A team of Korean researchers has come up with technology that can overcome the resolution limitations of micro LED displays, which are attracting much attention as a next-generation display. The new technology is expected to be used to produce high-resolution small displays for virtual reality (VR) and augmented reality (AR) applications.
The Korea Advanced Institute of Science and Technology (KAIST) announced on Jan. 6 that a research team led by Prof. Kim Sang-hyun at the Department of Electrical and Electronics Engineering has developed technology to produce more than 63,500 pixels per inch (PPI) using semiconductor fabrication technology.
Micro LED displays use micrometer-sized inorganic LEDs as pixels. To use inorganic LEDs as pixels, red, green, and blue (RGB) pixels must be closely arranged, but LED materials that can produce the three colors are different from each other. So each LED must be transcribed on a display substrate.
In this process, many technical difficulties arise, such as the limits in the size of an LED transfer head and mechanical accuracy, and a reduction in yields, making it difficult to apply the technology to ultra-high resolution displays.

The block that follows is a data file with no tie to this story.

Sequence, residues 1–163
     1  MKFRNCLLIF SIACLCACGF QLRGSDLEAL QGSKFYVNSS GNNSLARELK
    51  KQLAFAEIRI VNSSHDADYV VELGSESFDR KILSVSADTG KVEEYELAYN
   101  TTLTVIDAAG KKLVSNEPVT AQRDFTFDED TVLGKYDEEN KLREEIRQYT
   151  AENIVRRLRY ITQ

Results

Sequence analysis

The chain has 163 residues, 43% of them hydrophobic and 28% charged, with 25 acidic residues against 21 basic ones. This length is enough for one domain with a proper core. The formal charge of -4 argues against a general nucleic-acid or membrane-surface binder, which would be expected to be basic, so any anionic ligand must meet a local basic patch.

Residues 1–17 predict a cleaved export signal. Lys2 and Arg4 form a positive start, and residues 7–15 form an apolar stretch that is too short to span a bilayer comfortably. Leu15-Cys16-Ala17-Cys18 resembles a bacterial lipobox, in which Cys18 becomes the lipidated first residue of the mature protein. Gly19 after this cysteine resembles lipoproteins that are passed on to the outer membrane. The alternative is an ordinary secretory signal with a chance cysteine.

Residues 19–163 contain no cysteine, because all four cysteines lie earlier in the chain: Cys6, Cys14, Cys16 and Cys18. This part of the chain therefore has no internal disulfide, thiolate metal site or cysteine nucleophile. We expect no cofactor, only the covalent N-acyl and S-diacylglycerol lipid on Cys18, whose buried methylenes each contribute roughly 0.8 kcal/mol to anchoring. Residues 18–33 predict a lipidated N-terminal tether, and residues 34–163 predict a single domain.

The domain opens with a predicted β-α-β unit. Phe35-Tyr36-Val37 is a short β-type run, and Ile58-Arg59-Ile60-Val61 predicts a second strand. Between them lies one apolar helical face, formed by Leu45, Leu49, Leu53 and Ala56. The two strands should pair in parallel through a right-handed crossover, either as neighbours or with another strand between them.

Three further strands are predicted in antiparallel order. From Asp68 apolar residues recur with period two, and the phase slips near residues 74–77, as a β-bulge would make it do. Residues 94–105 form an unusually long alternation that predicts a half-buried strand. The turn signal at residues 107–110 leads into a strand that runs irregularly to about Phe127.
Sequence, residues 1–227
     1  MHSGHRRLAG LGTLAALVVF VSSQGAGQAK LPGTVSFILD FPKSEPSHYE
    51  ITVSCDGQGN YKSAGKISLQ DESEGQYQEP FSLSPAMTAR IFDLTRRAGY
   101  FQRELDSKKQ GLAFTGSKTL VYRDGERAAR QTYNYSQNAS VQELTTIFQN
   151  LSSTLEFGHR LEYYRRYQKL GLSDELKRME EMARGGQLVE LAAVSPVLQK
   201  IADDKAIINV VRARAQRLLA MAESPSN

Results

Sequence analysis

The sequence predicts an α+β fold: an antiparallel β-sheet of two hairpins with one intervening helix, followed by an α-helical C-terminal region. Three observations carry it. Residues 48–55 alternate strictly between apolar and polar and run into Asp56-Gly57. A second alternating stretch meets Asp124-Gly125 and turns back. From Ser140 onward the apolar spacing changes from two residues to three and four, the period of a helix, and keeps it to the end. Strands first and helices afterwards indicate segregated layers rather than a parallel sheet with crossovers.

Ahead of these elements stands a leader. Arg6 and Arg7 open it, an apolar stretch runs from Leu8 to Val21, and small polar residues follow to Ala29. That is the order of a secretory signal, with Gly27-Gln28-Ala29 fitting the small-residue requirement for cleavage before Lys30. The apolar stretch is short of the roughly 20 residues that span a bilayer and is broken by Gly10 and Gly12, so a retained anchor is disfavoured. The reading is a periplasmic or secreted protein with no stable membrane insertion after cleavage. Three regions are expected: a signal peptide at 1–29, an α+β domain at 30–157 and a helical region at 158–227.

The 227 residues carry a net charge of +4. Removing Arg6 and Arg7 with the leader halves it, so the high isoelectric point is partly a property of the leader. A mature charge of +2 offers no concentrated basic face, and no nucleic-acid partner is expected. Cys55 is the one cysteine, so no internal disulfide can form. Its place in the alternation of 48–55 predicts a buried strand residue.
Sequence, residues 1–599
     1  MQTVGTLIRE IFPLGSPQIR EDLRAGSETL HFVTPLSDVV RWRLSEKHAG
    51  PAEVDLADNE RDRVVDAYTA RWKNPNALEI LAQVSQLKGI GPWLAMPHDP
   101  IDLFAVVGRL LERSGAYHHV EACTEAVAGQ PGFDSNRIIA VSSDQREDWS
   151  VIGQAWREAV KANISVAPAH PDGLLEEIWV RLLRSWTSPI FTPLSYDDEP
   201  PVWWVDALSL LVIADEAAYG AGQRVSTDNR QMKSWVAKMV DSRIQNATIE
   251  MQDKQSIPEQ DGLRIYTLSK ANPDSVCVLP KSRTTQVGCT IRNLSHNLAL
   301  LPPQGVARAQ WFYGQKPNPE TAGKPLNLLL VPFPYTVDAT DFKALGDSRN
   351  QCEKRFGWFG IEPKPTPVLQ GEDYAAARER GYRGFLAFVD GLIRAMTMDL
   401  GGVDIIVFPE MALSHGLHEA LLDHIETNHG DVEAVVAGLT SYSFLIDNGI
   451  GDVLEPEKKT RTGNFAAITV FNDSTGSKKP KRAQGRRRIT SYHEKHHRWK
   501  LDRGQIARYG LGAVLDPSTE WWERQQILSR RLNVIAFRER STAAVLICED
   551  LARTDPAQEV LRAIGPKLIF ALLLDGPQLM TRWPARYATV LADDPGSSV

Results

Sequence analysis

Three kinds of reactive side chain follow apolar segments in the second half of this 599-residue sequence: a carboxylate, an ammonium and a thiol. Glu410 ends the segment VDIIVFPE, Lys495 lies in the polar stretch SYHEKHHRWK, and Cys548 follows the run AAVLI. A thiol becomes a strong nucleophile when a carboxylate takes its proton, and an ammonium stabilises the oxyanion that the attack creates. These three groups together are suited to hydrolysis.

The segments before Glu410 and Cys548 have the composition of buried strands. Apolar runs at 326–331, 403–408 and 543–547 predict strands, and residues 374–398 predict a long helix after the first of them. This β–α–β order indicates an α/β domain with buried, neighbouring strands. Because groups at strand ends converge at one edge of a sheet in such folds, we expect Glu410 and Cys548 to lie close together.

The research team has developed a new method to produce devices for ultra-high resolution micro LED displays. They use a semiconductor patterning process after stacking red, green and blue LED active layers in three dimensions. To solve the problems such as color interference that arises when LEDs are stacked vertically and the efficiency of tiny pixels, the team removed 97 percent of red and blue interference light by putting an insulating film with characteristics of a filter on a joining surface. The team achieved a resolution of over 60,000 PPI in this way and improved the efficiency of tiny LEDs.
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